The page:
Multiple factors interact to determine the
development of one’s hearing trajectory
across the life course.


An individual’s hearing
trajectory is determined
by the baseline hearing
capacity at birth
along with the diverse
causative and protective
influences experienced
throughout the life
course (3).

During the course of their lifetime, humans are exposed to multiple risk and protective factors
that contribute to their overall hearing capacity (3). The life course model for health development
considers health as an emergent capacity that develops dynamically over time (4, 5). This model
considers health – including hearing – as being affected by multiple factors which range from
genetic and biological to psychosocial and economic (3, 5). Adopting a life-course approach
allows the preservation of hearing to be viewed as an important goal, and hearing loss not as a single
event or occurrence, but as an outcome of factors experienced from the prenatal period through childhood and adulthood (3, 6)
and into older age.4 This provides opportunities for intervention, in the form of
prevention, identification, treatment and rehabilitation, across the life course,
Hearing throughout a person’s life can be visualized in the form of a trajectory (the
hearing trajectory), the course of which determines our hearing capacity at any
point in time. An individual’s hearing trajectory depends on the baseline capacity at
birth, and the multiple risk or preventive factors encountered during the life course
(3, 6), as described in Figure 1.1. The mechanism by which hearing occurs in the ear
is illustrated in Figure 1.2.


It is evident that many determining factors of the hearing capacity – genetic,
biological, psychosocial and environmental – experienced at different stages of life,
influence the ears and can either lead to hearing loss or protect against it. Many
ear conditions, such as otitis media, are treatable, and many causes of hearing loss
– nutrition, ear hygiene and loud noise, for example – can be avoided by taking
preventive actions at a personal level. Both causative and preventive factors interplay
to determine the occurrence, nature, severity and progression of hearing loss, thus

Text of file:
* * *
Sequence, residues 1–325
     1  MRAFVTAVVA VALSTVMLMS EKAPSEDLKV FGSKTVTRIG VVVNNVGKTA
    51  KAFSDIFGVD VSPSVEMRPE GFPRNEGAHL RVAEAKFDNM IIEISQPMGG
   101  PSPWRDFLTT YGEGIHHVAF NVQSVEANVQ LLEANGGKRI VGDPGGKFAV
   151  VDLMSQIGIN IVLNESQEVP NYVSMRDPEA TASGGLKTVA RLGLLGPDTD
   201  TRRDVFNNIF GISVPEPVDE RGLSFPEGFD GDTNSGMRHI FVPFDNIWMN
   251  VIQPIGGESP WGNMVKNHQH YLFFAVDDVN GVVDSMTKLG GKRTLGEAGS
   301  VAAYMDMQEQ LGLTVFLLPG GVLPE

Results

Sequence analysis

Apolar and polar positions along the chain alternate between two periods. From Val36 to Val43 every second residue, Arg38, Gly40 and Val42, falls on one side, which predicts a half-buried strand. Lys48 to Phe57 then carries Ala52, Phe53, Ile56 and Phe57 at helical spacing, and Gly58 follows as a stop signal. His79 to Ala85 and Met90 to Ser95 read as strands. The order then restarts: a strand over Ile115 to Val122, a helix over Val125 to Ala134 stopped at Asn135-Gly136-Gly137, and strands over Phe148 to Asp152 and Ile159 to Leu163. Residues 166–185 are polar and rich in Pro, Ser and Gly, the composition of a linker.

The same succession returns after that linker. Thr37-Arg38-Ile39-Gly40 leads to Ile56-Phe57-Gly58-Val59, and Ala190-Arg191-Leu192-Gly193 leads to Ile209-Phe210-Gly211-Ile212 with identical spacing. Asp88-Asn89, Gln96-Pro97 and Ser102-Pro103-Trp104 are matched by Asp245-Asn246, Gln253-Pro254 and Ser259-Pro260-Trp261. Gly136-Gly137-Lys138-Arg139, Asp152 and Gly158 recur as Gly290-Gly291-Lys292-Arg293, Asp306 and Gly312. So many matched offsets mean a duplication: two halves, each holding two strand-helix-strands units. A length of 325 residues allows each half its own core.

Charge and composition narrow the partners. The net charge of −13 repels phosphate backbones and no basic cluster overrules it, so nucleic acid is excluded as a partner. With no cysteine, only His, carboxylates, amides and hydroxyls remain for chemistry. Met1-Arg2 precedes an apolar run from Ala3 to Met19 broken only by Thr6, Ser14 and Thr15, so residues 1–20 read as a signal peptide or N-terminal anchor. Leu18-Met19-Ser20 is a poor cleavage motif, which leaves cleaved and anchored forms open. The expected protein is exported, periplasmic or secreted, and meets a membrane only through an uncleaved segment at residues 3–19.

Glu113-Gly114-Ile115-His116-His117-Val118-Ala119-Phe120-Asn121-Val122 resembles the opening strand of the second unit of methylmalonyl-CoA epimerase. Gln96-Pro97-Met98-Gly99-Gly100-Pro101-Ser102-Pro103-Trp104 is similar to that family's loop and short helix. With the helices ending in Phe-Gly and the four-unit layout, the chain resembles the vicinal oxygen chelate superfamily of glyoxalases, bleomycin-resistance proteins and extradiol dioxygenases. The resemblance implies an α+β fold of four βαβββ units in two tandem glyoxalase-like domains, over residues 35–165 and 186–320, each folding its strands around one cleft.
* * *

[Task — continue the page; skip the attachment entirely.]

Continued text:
the hearing capacity of an individual is determined by: (3)
1. Baseline hearing capacity at birth.
2. Exposure to, or presence of, causative factors (genetic, biological, behavioral
or environmental).
3. Protective actions mitigating the risk factors.
Although these factors can be encountered at different periods across the life span,
individuals are most susceptible to their effects during critical periods in life, such as
before birth or in the first years of life – a period of physiological development and

SECTION 1 THE IMPORTANCE OF HEARING ACROSS THE LIFE-COURSESounds travel through the outer part of the ear to strike and set into vibration the tympanic membrane (eardrum). These vibrations are transmitted through the three ossicles (bones) in the middle ear to the cochlea in the inner ear. The outer and middle ears serve to amplify the sound vibrations setting into motion the fluid contained within the cochlea. This movement is transduced by hair (sensory) cells within the cochlea to an electrical, nervous impulse that is transmitted by the auditory nerve to the brain where it is perceived as sound (7).

maturation for the hearing system and critical for
language acquisition (3). The impact of risk factors for
hearing loss is also higher in older age groups when
neurogenerative changes set in. However, the decline
in hearing experienced at this age is not a simple,
inevitable, degenerative process associated with
growing old: it is the outcome of genetic influences,
health conditions, lifestyle and environmental
experiences that are embedded in the physiological
system of hearing (6) and have influenced it during
the course of life.

Certain health conditions or environmental influences